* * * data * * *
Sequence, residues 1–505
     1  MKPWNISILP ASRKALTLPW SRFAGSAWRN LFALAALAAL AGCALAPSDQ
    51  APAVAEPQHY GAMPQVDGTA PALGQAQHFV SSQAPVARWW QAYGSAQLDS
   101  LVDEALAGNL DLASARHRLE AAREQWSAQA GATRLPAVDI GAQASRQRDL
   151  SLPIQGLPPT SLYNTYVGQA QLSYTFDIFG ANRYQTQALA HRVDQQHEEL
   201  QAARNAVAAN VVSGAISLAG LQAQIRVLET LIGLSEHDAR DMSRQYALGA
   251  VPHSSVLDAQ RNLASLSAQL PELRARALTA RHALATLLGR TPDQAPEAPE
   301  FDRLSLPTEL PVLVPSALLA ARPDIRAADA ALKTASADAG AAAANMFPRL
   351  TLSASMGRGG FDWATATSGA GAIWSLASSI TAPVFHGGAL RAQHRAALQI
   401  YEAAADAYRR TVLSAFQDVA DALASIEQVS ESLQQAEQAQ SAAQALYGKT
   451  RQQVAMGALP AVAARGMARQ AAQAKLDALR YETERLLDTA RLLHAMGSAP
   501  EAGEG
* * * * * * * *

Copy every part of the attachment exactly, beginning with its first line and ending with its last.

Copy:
Sequence, residues 1–505
     1  MKPWNISILP ASRKALTLPW SRFAGSAWRN LFALAALAAL AGCALAPSDQ
    51  APAVAEPQHY GAMPQVDGTA PALGQAQHFV SSQAPVARWW QAYGSAQLDS
   101  LVDEALAGNL DLASARHRLE AAREQWSAQA GATRLPAVDI GAQASRQRDL
   151  SLPIQGLPPT SLYNTYVGQA QLSYTFDIFG ANRYQTQALA HRVDQQHEEL
   201  QAARNAVAAN VVSGAISLAG LQAQIRVLET LIGLSEHDAR DMSRQYALGA
   251  VPHSSVLDAQ RNLASLSAQL PELRARALTA RHALATLLGR TPDQAPEAPE
   301  FDRLSLPTEL PVLVPSALLA ARPDIRAADA ALKTASADAG AAAANMFPRL
   351  TLSASMGRGG FDWATATSGA GAIWSLASSI TAPVFHGGAL RAQHRAALQI
   401  YEAAADAYRR TVLSAFQDVA DALASIEQVS ESLQQAEQAQ SAAQALYGKT
   451  RQQVAMGALP AVAARGMARQ AAQAKLDALR YETERLLDTA RLLHAMGSAP
   501  EAGEG